Want to know what next years property market is going to do ?
Australasia’s biggest property market, Melbourne, is well worth watching to pick up on what is likely to happen in other parts of the country. Miriam Sandkuhler says it is the bellwether market and she looks at what was behind its recovery. Listen here
Australia's property recovery remains in-house as rest of economy struggles to motor on
SYDNEY (Reuters) - When Michael Jiang scored a liquor license four years back, he had hoped it would help drive more sales at his struggling small grocery business in Sydney.
Fast forward to the present, and Jiang finds himself wrestling with new challenges as stingy consumers and price wars have done little to boost earnings in an economy growing at its slowest pace in a decade.
Moreover, even a welcome revival in the property market has only served to highlight a conundrum for policymakers as the ‘wealth effect’ of rising home prices has hardly been felt across the rest of the economy. That has not only meant sales at businesses such as Jiang’s continue to run on a low boil, but it also raises the risk that already-high household debt could worsen without a broader recovery the central bank is trying to engineer with lower rates. Read more here
‘I’ve never seen anything like it’: Beachside unit smashes auction reserve by $1.5 million
Fewer homes for sale and more bidders are producing massive results for some selling at auction in Melbourne.
Agents reported several properties selling for well above their reserve at weekend auctions.
Kay & Burton Armadale associate Andrew Smith said vendor expectations had lowered as the market cooled across the state.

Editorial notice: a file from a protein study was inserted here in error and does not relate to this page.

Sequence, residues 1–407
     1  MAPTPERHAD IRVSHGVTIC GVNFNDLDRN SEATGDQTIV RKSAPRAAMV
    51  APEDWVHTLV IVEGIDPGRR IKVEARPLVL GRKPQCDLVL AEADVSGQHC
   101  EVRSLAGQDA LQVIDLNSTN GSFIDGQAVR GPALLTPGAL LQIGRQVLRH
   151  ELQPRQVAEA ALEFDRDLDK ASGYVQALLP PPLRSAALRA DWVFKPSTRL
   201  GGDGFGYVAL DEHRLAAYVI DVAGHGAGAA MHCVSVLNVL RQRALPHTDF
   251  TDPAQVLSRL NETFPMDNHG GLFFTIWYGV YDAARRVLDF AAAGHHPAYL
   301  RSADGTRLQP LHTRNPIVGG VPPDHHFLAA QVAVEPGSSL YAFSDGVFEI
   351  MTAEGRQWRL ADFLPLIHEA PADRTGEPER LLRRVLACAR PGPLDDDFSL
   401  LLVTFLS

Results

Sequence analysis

“What we’re seeing is vendors prices have come well down and buyers are back in the market, meaning there are these big results above reserve,” he said. One of the biggest results of the weekend was a three-bedroom, Port Melbourne beachside apartment that sold for $4.34 million – a massive $1.54 million above vendor expectations. Read Miriam's comments here
Victoria revises underquoting laws as the market turns
The Victorian government has revised underquoting laws to now require selling agents to compare properties more accurately by considering the property and land size - a component missing previously.
Under the new measures taking effect on Monday, agents must provide ... Read more here
‘Now’s the time to buy’: Demand for lending bounces back as market recovers
Buyers are being urged to make the most of Sydney and Melbourne’s property prices, with the latest ABS figures showing a strong uptick in new lending.
Data from the Australian Bureau of Statistics released on Monday showed total lending to Australian households for dwelling purchases (those excluding refinancing) rose 5.1 per cent over the month of July – the highest month-on-month jump in over five years. Read more here
Areas where owners are reluctant to sell
The spring selling season is set to unleash new home listings into the market, but buyers may still find it near-impossible to buy in suburbs where owners are reluctant to sell.
These tightly-held suburbs can take up to 22 years on average before homeowners sell and they can be found in the middle-ring suburbs of Australia’s capital cities according to the data compiled by CoreLogic for TheAustralian Financial Review.
Director Brendan Maher calls lights, camera, auction in Armadale
Award-winning director Brendan Maher and his wife Kath have called lights, camera, auction on their Armadale family home that’s inspired scenes in a slew of hit TV shows.
Maher’s credits include episodes of The Secret Life of Us, SeaChange, Blue Heelers, The Genie from Down Under, Home And Away, Neighbours, Halifax f.p., Silent Witness and Spooks.
He has collected Australian Film Institute awards for his work on After the Deluge, Road from Coorain, Good Guys Bad Guys, and an Australian Directors Guild gong for Dirt Gam. We are proud to be representing our clients as Vendor Advocates, for the sale of this fantastic property at 19 Valentine Grove, Armadale in conjunction with Marshall White, Stonnington. Read more here
How To Avoid Real Estate Mistakes
The size and complexity of real estate transactions means there is great potential for errors. And mistakes can be costly in both time and money.
Award-winning Property Mavens buyers’ and vendors’ advocate and best-selling author Miriam Sandkuhler says the best way for real estate consumers to save money, often, is to spend some - on expert advice.
The savings can be considerably more than the cost of engaging the Property Advocate. Read more
Overlooked ways to get a property